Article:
Mr. Harris steered clear of Internet stocks, or, more specifically, portals and content sites with business models that rely on Internet advertising. "I don't think you build brand on the Internet," said Mr. Harris. "You've got an Internet company telling you to build your brand online, while they're spending millions of dollars on traditional media" like TV spots during the Super Bowl. "It doesn't makes sense to me."
Despite being almost entirely invested in technology, the Turner Technology Fund managed to gain 3% in the second quarter and is up 35% year-to-date. It ranks second among technology funds in year-to-date performance through June 30, behind the Red Oak Technology Select Fund, managed by Oak Associates, Chicago. The Red Oak fund returned 3.4% in the second quarter and was up 45.7% year-to-date through June 30, according to Morningstar.
"Even though technology seems to go up and down in a monolithic sort of way, there's always going to be some stocks that act somewhat differently," said Robert Turner, chief investment officer at Turner Investments, Conshohocken, Pa., and portfolio manager of the Turner Technology Fund.
Mr. Turner said opportunistic trading helped him weather the second-quarter storm. He identified three times in a two-month period when opportunistic trading made the difference: mid-March, around the time the Nasdaq composite reached its peak; mid-April, when the market dropped sharply; and around May 24, when the market hit bottom.
In mid-March, Mr. Turner sold off some new-economy stocks such as Juniper Networks Inc., Broadcom Corp. and Sycamore Networks Inc. in an attempt to get more conservative, and added more old-economy stocks such as Intel Corp., Dell Computer Corp., and Northern Telecom Ltd.
Then, the volatility created new opportunities in mid-April and late May, and Mr. Turner got more aggressive, buying back at better prices many of the stocks he had sold in March.
In the second quarter, said Mr. Turner, the market began to discriminate between the stocks that could maintain their leadership positions in a fast-growing industry and those that merely rode on their coattails. The trick, he says, is weeding out the higher quality names from the lower quality ones.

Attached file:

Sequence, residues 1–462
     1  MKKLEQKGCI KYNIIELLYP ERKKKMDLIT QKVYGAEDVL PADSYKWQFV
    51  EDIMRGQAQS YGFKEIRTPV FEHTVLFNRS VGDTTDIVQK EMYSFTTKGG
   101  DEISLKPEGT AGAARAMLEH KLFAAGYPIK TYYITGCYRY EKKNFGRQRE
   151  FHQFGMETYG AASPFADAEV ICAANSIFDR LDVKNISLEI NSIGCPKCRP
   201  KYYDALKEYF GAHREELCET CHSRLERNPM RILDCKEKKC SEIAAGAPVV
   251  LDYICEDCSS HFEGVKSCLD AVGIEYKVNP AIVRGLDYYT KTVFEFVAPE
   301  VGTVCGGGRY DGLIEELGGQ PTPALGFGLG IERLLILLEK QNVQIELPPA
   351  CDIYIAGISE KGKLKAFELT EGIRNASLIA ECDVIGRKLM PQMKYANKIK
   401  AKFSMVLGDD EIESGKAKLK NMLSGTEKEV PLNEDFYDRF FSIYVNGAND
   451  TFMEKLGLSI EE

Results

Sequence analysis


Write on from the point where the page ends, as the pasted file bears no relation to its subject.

"When the wind's at your back, all the boats sail really fast," said Mr. Turner; "but when the wind is coming from the side or facing you straight on, the better sailors are able to go the fastest."
Although his Technology Fund is just a year old, Mr. Turner has covered the technology sector for 10 years and has seen the different cycles that it has gone through -- from PCs, to data networking, to the Internet and, now, to opticals.
Mr. Turner said he relies on finding these emerging industries and picking the winners within them. From the opticals industry, Mr. Turner also has Corning and SDL in his portfolio.
The Calamos Growth Fund, managed by John Calamos and his son Nick Calamos, was up 5.6% in the second quarter and 45% year-to-date through June 30.
While the managers decreased technology in the portfolio to 52% at the end of the second quarter, from 60% at the end of 1999, they feel strongly about the sector. "We do believe this is the second industrial revolution going on," said Nick Calamos, adding it's being driven by technology and communications.
They also stayed away from Internet names in favor of technology infrastructure stocks such as JDS Uniphase Corp., Juniper Networks Inc. and Tri-Quint Semiconductors Inc.
Nick Calamos said they take a bottom-up approach and focus on attractive sectors and industries. "Making the right industry decision is key," he said. The managers also look for companies with sales and earnings growth of more than 50% per year.
To find them, they use a quantitative model that helps to identify where trends are developing across sectors. Then they narrow down the portfolio with fundamental research. Because market volatility has created such an opportunistic environment, Nick Calamos said, "We feel if we do our homework, it's going to pay off for us."